Innovating Inequality?

October 2018

Innovating Inequality?

How tech’s business models concentrate wealth while shortchanging workers

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20 years of data show that Silicon Valley’s business models exacerbate income inequality while enriching corporate shareholders, executives, and Wall Street:

  • Over the past two decades, residents of Silicon Valley have increased their per capita economic output by 74% — yet for nearly nine out of ten jobs, employers are paying lower real wages now than in 1997.
  • The share of middle- and high-wage jobs declined, while the proportion of workers in low-wage jobs increased by 9 percentage points.
  • Much of this increased concentration of wealth can be traced to aspects of the business models adopted by the tech industry, which give outsized rewards to a few at the price of increasing financial insecurity for the vast majority of wage earners.

This report was produced in partnership with UC Santa Cruz Professor Chris Benner and the UCSC Everett Program for Technology and Social Change. Read the longer companion report published by the Everett Program here.

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Silicon Valley workers are creating tremendous wealth, but keeping less of it.

The tech economy has meant declining wages, increasing inequality, and a shift towards low-wage jobs.

Despite nation-leading economic growth and productivity, Silicon Valley's tech economy is only benefiting the top 10%. Over the past 20 years, per capita economic output in Silicon Valley increased 74%, yet wages fell for nearly 90% of the workforce.

In fact, if labor’s share of GDP had been the same in 2016 as in 2001, the average Silicon Valley worker would have received an additional $8,480 in pay and benefits that year alone.

And while the share of middle and high-wage jobs declined, the percentage of workers in low-wage jobs increased by 9 points.

While a few big tech firms make billions, workers in supporting industries face low wages and sky-high living costs.

Tech’s business models concentrate wealth while shortchanging workers.

So why is such strong economic growth failing to lift wages even in the heart of the innovation economy?

  • The business models and “new rules” developed by the tech industry separate the production of value from the rewards for value. One consequence is that workers whose labor produces economic growth and corporate profits do not receive fair financial gains from that growth.
  • Instead, the financial gains accrue to a select club of venture capitalists, financiers, and executives, along with a small class of top-earning employees.
  • The disconnect between production and rewards is exacerbated by the winner-take-all, near-monopolistic nature of today’s leading tech sectors, where a few firms dominate an entire market (think Google in search, Facebook in social media, or Amazon in online retail).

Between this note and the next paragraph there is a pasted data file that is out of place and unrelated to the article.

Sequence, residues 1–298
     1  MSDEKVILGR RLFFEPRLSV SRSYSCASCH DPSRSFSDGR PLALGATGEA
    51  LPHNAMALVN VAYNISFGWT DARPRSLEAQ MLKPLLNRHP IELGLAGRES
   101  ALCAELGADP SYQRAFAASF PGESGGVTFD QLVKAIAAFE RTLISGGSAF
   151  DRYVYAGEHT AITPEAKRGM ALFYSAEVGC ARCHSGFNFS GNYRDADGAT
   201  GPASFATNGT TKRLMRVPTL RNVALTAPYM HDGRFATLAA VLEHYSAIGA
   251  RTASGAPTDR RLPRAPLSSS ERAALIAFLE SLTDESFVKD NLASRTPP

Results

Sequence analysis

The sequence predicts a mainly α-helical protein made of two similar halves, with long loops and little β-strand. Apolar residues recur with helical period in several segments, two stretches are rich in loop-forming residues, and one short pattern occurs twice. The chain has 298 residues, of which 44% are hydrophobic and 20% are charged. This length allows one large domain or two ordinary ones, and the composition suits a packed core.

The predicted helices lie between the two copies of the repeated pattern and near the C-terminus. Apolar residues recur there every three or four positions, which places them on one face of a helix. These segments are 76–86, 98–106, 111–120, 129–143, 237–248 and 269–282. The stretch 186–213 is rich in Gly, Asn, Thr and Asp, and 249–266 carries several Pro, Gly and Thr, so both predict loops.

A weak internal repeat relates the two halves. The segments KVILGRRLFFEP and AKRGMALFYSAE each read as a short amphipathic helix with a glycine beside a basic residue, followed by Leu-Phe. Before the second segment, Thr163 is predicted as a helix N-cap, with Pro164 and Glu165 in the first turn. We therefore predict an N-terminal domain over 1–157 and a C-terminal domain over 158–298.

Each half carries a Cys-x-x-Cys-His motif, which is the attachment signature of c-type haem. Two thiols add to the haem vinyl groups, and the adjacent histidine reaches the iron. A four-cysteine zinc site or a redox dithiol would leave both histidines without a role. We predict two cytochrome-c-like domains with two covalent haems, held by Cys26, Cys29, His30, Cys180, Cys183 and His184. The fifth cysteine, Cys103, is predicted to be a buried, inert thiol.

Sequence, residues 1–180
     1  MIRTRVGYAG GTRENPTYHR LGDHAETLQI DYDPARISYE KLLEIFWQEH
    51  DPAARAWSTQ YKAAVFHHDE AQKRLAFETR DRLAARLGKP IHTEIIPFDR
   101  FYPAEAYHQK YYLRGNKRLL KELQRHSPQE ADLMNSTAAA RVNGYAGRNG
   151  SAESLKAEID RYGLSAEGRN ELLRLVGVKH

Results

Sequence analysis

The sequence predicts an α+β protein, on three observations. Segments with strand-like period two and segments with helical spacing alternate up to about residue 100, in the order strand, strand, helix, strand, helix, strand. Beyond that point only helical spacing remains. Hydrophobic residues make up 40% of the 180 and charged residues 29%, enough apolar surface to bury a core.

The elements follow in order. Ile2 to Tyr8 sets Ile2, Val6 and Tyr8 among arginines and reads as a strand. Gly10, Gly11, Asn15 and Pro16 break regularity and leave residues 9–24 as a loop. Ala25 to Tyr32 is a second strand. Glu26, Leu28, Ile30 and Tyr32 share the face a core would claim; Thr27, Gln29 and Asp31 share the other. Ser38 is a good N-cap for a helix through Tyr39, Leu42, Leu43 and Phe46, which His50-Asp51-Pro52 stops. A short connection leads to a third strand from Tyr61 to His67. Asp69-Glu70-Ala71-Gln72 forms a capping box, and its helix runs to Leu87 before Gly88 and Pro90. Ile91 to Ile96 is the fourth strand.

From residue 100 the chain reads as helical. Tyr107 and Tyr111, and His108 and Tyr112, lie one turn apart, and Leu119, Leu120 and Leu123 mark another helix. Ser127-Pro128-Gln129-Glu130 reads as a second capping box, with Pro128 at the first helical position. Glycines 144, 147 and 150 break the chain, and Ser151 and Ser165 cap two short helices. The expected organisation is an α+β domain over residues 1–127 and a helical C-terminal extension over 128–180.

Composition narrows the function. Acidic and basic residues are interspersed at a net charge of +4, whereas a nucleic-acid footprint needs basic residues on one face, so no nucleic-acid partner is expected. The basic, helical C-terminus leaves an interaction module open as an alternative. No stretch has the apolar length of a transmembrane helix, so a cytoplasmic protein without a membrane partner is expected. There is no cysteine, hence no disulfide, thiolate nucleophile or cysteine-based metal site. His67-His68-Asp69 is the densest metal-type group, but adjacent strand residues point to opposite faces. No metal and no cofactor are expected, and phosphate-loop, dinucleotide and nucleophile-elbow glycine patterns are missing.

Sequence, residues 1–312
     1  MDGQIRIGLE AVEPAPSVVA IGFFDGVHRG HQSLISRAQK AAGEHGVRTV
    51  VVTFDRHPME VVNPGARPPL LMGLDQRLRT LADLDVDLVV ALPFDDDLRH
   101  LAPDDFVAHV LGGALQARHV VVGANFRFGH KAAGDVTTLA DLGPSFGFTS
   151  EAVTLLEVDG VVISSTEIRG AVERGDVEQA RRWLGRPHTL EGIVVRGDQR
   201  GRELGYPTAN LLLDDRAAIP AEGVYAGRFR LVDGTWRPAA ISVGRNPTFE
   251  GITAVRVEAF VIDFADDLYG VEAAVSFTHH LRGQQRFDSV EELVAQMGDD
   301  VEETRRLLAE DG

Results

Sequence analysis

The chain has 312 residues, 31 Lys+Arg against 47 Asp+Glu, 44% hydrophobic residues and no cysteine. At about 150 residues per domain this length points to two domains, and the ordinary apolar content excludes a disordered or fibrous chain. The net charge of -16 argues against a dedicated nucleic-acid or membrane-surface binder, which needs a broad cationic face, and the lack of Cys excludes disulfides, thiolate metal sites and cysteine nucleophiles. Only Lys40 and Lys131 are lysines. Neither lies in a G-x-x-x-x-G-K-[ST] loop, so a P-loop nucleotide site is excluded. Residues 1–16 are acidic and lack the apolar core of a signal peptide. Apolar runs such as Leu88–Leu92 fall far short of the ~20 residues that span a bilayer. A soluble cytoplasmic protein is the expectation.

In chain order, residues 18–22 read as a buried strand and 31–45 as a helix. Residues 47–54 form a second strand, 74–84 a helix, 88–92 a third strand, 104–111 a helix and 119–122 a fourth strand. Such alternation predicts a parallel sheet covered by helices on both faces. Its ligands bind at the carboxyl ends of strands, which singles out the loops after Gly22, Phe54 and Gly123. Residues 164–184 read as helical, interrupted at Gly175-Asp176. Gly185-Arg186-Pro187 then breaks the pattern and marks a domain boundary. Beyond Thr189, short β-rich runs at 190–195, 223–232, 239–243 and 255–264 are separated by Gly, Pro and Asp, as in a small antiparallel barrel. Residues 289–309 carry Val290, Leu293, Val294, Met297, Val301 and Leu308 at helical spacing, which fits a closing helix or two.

• This approach fails to share the industry’s enormous profits with everyone else who contributes to its success — including the vast majority of employees, subcontracted service workers, consumers who provide valuable personal data, and taxpayers who fund the research and development of core technologies.

Public policy and industry action can help tech growth create widespread prosperity.

The persistence of these trends helps underscore that they have structural roots, meaning that the problems underlying current tech markets and business models are not self-correcting; they will not be solved by private markets alone.

Just as public sector investments and collaborative processes have been critical for the economic dynamism of the region, so too must public sector policies and collaborative processes be developed to solve the problems created by this economic system.

The consequences of not acting are clear — growing inequality and insecurity, along with a dangerous politics characterized by xenophobia, racism, and intolerance that has spread across our country. This economic system undermines our democracy and our ability to live full and healthy lives.

Seeds of Solutions

The seeds of solutions are already beginning to sprout in the form of community- and worker-led policy and organizing innovations.

The report identifies a set of concrete steps to begin rewriting the rules and rewards of Silicon Valley’s business models so that tech companies:

  1. Respect workers’ voices and freedom to stand together.
  2. Adopt high standards for workers in subcontracted and supply chain firms.
  3. Increase the share of tech revenue and profits contributed to the common good.
  4. Partner with surrounding communities to address the impacts of tech’s growth.

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